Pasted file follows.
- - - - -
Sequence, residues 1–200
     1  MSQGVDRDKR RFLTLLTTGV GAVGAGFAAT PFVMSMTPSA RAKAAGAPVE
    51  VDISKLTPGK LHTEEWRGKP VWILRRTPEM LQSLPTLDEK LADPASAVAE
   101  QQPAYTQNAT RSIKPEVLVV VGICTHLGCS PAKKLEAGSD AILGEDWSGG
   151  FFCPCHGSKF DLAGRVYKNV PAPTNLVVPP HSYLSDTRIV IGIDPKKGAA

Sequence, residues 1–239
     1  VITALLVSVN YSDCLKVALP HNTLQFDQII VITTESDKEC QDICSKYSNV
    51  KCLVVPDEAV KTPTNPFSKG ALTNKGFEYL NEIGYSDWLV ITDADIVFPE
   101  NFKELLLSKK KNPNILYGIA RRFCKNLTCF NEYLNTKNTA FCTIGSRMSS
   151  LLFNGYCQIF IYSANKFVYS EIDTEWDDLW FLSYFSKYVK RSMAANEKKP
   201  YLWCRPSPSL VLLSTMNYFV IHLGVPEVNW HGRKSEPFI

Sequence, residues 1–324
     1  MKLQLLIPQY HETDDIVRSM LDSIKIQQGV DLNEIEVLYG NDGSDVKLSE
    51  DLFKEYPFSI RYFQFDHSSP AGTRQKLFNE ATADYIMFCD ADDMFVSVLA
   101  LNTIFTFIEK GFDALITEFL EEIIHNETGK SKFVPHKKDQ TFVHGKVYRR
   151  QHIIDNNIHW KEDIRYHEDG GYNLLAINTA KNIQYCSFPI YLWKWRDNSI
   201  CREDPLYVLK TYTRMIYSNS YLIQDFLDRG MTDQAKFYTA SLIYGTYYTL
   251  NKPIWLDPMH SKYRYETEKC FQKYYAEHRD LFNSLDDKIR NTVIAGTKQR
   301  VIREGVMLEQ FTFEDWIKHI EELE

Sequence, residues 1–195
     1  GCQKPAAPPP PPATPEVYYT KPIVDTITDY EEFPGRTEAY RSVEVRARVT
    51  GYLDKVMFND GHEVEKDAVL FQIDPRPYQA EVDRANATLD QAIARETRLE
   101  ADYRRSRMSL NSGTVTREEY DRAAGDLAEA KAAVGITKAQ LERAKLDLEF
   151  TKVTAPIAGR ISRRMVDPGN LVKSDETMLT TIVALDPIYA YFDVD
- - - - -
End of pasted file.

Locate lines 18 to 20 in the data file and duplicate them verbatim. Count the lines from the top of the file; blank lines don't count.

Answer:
   251  NKPIWLDPMH SKYRYETEKC FQKYYAEHRD LFNSLDDKIR NTVIAGTKQR
   301  VIREGVMLEQ FTFEDWIKHI EELE

Sequence, residues 1–195